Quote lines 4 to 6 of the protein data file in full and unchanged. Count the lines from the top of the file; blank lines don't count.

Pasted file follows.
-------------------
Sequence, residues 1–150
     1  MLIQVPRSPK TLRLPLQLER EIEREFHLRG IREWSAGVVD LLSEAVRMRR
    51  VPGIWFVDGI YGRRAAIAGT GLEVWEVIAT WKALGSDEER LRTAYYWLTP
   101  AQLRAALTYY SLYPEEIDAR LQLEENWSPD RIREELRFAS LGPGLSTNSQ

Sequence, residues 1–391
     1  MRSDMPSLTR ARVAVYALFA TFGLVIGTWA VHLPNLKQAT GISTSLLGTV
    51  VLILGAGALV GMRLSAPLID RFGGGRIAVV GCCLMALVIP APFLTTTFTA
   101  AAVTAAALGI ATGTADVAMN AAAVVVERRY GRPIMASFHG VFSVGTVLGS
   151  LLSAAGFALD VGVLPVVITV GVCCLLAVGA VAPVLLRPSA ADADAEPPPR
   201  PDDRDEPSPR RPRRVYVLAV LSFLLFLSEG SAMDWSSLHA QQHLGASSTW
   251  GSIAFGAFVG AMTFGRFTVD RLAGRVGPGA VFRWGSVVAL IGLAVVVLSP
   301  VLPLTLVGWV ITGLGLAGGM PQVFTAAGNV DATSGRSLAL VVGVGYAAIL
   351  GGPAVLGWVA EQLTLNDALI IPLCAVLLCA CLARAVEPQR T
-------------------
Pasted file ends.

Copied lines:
   101  AQLRAALTYY SLYPEEIDAR LQLEENWSPD RIREELRFAS LGPGLSTNSQ

Sequence, residues 1–391
     1  MRSDMPSLTR ARVAVYALFA TFGLVIGTWA VHLPNLKQAT GISTSLLGTV